Plus there's a lot of tech as standard. Apple CarPlay and Android Auto come as standard, so if you wish to tether your phone then all navigation, music, contacts and phone calls can be handled from the one place, by voice commands if you wish. If you prefer not to use your phone then the standard navigation system works well, there's a combination of FM/DAB radio, and the Krell soundsystem is rather beefy for a car of this type. Good job.
Where things step into a far more futuristic outlay is with the on-board safety equipment. There's adaptive cruise control with auto-braking, there's lane keep assist, blind spot warning, a reversing camera, and high beam assist. That's a lot of kit, the likes of which would cost thousands of pounds in, say, an Audi or BMW. Not so with the Hyundai, which makes it extra good value.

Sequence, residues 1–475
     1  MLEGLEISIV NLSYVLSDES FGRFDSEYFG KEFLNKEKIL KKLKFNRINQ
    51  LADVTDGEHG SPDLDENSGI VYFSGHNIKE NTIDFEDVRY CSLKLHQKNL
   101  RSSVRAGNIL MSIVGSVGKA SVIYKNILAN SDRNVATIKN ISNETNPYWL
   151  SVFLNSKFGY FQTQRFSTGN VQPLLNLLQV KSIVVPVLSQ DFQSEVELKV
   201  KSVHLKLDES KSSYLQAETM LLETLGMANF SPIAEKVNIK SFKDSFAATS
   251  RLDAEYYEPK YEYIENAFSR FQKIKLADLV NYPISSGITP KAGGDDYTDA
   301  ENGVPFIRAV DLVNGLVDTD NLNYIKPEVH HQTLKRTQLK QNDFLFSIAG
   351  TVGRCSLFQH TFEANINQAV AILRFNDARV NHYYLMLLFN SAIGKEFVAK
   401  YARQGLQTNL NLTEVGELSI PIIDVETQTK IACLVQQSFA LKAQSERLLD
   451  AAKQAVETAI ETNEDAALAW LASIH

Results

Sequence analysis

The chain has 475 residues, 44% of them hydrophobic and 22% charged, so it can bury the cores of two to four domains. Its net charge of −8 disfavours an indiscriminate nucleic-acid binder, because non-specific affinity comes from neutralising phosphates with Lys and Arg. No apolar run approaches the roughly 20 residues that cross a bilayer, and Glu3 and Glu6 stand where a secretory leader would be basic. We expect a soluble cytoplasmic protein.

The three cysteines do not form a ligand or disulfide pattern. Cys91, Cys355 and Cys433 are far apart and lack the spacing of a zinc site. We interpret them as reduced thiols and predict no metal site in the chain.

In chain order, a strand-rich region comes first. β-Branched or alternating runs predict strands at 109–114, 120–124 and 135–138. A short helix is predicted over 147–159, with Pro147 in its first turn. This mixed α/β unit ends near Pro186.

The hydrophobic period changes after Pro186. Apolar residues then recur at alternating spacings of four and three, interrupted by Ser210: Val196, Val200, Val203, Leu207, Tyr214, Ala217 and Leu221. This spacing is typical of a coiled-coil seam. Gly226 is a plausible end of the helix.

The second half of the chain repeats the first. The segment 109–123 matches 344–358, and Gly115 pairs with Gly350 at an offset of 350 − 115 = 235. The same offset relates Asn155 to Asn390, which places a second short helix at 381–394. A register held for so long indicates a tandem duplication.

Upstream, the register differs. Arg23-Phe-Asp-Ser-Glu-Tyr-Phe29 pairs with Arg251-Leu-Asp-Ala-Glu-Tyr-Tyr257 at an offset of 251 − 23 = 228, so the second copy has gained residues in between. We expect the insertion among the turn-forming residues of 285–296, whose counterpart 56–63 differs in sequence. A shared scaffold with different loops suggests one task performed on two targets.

Drive and range
As electric vehicles are relatively new, some people still think they're likely to be milk float-like in their inability. But that's not the case at all: the Kona Electric is swift off the mark, its electric motor delivering 150kW (a 204hp equivalent) for a 0-62mph time of 7.6 seconds. Its in the initial part of pulling away that the high torque and rapid response can be really felt. Pop the car into its Sports mode and its suitably rapid - yet near silent.